Effects of urban environmental factors on heat-related emergency medical services (EMS) response time

Due to the time-sensitive nature of heat-related illnesses, disparities in access to heat-related emergency medical services (EMS) services may contribute to urban health disparities. This paper is an empirical study utilizing Austin-Travis County EMS data to estimate the delays in response time due to traffic congestion through spatiotemporal analysis and to conduct the Ordinary Least Square (OLS) and Geographically Weighted Regression (GWR) models to examine the underlying factors affecting delays in peak traffic rush hours. The results reveal that heat-related EMS is most delayed in the morning and the evening; there are higher clustering patterns of EMS travel time difference in Austin's metropolitan outskirts, notably in the east and west Austin. OLS and GWR analyses suggest that larger EMS counts, longer distances from an EMS station to the scene and from the scene to a hospital, and neighborhoods with a greater black and Hispanic population exacerbate heat-related EMS delays. Road density, average speed limit, and open space growth rate are statistically significant in the OLS model, although GWR findings suggest coefficient signs vary locally, requiring more investigation. The findings provided additional insights through the spatial patterns of EMS delays to practitioners for their reference to reduce local response times.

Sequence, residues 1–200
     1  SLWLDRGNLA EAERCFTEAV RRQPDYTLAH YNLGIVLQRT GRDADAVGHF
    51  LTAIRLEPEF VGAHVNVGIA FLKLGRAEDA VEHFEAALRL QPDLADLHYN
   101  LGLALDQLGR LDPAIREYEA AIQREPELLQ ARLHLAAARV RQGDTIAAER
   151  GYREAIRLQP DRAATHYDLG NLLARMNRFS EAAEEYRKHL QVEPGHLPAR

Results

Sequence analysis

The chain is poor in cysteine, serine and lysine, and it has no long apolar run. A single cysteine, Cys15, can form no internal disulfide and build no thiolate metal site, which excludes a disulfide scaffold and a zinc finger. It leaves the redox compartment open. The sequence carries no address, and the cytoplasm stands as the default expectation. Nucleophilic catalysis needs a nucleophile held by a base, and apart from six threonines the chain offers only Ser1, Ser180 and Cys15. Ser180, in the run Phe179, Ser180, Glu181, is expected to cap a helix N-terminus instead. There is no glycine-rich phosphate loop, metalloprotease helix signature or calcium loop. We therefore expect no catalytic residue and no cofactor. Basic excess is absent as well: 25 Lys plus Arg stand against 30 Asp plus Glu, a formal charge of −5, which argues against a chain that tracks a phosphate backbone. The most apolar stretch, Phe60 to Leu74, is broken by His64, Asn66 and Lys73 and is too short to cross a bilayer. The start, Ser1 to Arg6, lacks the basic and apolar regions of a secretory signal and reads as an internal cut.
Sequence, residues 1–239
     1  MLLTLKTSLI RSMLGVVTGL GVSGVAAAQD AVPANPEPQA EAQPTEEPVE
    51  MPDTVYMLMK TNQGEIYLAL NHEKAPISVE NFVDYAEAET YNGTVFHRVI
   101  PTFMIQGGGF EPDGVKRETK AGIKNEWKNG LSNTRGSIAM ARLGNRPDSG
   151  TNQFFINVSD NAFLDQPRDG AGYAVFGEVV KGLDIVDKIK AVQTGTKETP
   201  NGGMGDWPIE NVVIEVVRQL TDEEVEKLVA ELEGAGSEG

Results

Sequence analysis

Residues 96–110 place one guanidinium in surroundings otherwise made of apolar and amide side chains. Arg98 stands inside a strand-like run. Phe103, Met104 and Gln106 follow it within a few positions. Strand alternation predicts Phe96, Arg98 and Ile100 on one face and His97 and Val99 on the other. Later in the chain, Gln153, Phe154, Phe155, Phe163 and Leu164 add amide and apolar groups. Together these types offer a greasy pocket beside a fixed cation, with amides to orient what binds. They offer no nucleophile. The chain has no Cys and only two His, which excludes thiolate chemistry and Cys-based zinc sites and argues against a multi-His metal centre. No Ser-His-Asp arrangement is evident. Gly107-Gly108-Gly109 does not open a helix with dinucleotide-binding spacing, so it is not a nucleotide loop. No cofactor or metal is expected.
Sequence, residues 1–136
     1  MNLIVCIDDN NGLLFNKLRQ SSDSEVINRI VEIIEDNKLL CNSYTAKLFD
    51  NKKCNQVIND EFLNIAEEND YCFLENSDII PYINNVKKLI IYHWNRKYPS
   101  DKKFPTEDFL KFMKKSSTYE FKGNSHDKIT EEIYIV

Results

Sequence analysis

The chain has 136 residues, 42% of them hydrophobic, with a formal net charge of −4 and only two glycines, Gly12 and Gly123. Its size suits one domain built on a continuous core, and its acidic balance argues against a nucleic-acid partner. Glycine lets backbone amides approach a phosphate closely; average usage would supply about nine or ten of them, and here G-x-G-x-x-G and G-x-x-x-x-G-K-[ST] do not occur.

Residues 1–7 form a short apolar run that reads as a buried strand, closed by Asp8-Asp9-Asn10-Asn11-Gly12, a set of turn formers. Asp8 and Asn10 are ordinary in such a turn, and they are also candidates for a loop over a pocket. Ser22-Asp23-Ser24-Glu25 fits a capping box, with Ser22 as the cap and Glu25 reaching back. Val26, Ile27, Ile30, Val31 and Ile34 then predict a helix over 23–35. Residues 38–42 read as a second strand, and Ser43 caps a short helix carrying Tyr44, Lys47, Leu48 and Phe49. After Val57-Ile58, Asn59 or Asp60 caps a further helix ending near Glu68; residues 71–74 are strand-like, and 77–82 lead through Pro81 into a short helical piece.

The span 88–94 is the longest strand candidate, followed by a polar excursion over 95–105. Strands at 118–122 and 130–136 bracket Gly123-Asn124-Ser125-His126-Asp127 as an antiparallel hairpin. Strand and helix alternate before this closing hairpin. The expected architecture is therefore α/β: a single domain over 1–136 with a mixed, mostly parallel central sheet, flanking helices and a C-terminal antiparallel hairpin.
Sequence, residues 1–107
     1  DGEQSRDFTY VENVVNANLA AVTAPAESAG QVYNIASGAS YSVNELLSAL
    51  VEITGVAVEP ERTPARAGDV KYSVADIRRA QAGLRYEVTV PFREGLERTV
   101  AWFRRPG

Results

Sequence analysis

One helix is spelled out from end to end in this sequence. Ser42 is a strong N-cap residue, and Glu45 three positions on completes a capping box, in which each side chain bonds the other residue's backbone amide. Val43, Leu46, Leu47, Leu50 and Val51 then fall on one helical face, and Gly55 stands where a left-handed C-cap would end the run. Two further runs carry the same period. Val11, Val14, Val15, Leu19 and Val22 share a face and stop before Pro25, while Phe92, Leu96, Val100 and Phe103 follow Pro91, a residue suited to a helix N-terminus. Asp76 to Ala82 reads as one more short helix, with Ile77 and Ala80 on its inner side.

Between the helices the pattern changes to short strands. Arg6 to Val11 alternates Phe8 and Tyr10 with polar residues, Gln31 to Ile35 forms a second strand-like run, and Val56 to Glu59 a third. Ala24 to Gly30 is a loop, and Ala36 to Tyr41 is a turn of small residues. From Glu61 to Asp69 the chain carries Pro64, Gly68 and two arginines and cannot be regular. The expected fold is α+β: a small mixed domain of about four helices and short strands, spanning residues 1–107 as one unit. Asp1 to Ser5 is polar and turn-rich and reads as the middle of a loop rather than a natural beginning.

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  • Accession Number: 01885631
  • Record Type: Publication
  • Files: TRIS
  • Created Date: Jun 22 2023 9:49AM